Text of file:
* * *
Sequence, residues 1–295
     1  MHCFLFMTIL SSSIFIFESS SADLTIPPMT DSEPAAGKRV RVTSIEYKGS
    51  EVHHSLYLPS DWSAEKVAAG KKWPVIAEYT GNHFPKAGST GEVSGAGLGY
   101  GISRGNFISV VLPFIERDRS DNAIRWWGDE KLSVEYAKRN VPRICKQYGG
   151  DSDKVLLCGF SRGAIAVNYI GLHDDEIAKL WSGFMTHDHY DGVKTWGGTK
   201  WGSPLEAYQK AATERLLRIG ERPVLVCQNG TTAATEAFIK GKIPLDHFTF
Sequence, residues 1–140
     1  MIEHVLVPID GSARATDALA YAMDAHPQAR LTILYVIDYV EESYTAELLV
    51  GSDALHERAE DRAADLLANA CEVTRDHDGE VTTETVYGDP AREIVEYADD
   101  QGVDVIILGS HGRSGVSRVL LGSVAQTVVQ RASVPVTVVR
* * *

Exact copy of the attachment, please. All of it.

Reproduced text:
Sequence, residues 1–295
     1  MHCFLFMTIL SSSIFIFESS SADLTIPPMT DSEPAAGKRV RVTSIEYKGS
    51  EVHHSLYLPS DWSAEKVAAG KKWPVIAEYT GNHFPKAGST GEVSGAGLGY
   101  GISRGNFISV VLPFIERDRS DNAIRWWGDE KLSVEYAKRN VPRICKQYGG
   151  DSDKVLLCGF SRGAIAVNYI GLHDDEIAKL WSGFMTHDHY DGVKTWGGTK
   201  WGSPLEAYQK AATERLLRIG ERPVLVCQNG TTAATEAFIK GKIPLDHFTF
Sequence, residues 1–140
     1  MIEHVLVPID GSARATDALA YAMDAHPQAR LTILYVIDYV EESYTAELLV
    51  GSDALHERAE DRAADLLANA CEVTRDHDGE VTTETVYGDP AREIVEYADD
   101  QGVDVIILGS HGRSGVSRVL LGSVAQTVVQ RASVPVTVVR